When he died, Benjamin Franklin left 1,000 pounds sterling each to Philadelphia and Boston. He expected the funds would grow to a much larger amount over 200 years, based on the concept of compound interest. The accompanying chart shows potential growth of an investment over time to illustrate the importance of saving for long-term financial goals as early as possible.

How to Make the Most of an Inheritance

About $30 trillion is expected to pass from well-heeled baby boomers to younger generations over the next several decades. This article includes tips for individuals who happen to receive such a windfall.

Two Key Types of Fixed Annuities

Purchasing a fixed annuity can help create a pension-like income stream for retirement, starting now or at some point in the future. This article discusses some of the differences between immediate and deferred annuities.

Does Your Pet Eat Healthier Than You?

Pet food spending in 2015 reached about $23 billion, and nearly half of this was for premium products with higher protein content or ingredients touted as natural, organic, raw, or gluten-free. Accompanying chart shows factors that impact pet food buying decisions.


How school gardens produce an edible education.

February 2017

Modern Marriage About 6 in 10 married couples with children under age 18 are juggling two careers. Accompanying infographic compares the employment status of husbands and wives in married households.

When Married Couples May Benefit from Separate Tax Returns

Most married couples pay more total income tax when they file separately than when they file jointly. This article explores three situations when it may be advantageous to file separately.

Heartless Fraudsters Fake Love to Steal Money

Sweetheart scams are perpetuated by criminals who create phony profiles on dating websites. Anyone could be targeted, but older people are often more vulnerable.

Engaging in the Gig Economy

About 68 million U.S. workers earn income outside of the traditional employee role. The accompanying infographic shows the proportion of independent workers who prefer the autonomy and flexibility compared with those who do it out of economic necessity.

Putting a Ring on It? Consider Insurance

An engagement ring may be one of the most expensive possessions a young couple owns, but standard homeowners or renters insurance may not provide enough protection to replace a piece of fine jewelry that is lost or stolen.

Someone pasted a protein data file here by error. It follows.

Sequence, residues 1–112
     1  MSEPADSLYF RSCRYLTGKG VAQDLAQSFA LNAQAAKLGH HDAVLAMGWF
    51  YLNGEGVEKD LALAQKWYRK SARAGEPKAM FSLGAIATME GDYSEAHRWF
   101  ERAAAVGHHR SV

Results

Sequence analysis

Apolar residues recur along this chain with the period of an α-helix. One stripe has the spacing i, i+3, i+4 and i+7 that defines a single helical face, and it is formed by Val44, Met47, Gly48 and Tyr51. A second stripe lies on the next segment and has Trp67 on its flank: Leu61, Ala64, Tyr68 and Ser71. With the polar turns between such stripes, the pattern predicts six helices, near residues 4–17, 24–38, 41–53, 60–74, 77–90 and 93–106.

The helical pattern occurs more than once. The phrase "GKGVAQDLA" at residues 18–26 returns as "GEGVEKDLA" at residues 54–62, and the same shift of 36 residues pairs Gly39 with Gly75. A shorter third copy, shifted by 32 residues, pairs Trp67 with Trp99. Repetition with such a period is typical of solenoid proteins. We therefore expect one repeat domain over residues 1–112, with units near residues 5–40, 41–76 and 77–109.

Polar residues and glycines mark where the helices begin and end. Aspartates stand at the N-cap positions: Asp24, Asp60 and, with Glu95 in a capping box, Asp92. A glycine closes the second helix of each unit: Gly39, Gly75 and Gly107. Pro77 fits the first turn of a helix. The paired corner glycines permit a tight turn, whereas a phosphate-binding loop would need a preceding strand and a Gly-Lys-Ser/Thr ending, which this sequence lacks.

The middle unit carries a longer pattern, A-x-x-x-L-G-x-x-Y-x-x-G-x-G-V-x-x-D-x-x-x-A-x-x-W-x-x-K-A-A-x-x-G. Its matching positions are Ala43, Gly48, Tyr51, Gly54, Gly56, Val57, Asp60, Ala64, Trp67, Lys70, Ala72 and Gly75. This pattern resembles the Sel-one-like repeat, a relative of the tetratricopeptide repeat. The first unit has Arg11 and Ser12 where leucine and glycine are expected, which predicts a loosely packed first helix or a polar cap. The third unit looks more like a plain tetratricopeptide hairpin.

The health dangers of herbal supplements, which land about 23,000 people in hospital emergency rooms every year.

January 2017

There’s an App for Everything As of July 2016, smartphone apps have overtaken all other digital media platforms combined to account for more than 50% of the time that U.S. consumers spend online. Accompanying infographic compares total time spent online using apps or web browsers on smartphones, tablets, and desktop computers.

New Employee Perk Caters to Millennials

Average student debt for the class of 2016 exceeded $37,000. Student loan payments are often the most immediate financial concern of new grads earning entry-level salaries. Some employers are now offering to help workers repay their loans, and this perk is expected to catch on as more employers seek to attract and retain qualified young workers.

Are Smartphone Hackers After Your Money?

As more Americans log in to their bank accounts and payment apps from mobile phones, the FBI is warning that cyber thieves could hack into devices and steal customers’ banking information. This article includes tips to help avoid malware attacks and safeguard financial accounts.

Historic Plunge in Food Prices

U.S. food prices dropped for nine straight months through August 2016, a rare event for an economy that is not in recession. This article focuses on the economic forces that helped to hold down food prices, and shows year-over-year changes in various food prices.

How Social Media Could Mess Up Your Financial Life

Competitiveness and a desire to “keep up with the Joneses” often leads to overspending and taking on too much debt. Social media can make matters worse because it's possible to view the lifestyle choices and purchases of many more “friends.” Younger consumers may be more vulnerable to this kind of peer pressure.


Antibacterial hand and body washes containing certain chemicals may cause more harm than good.

December 2016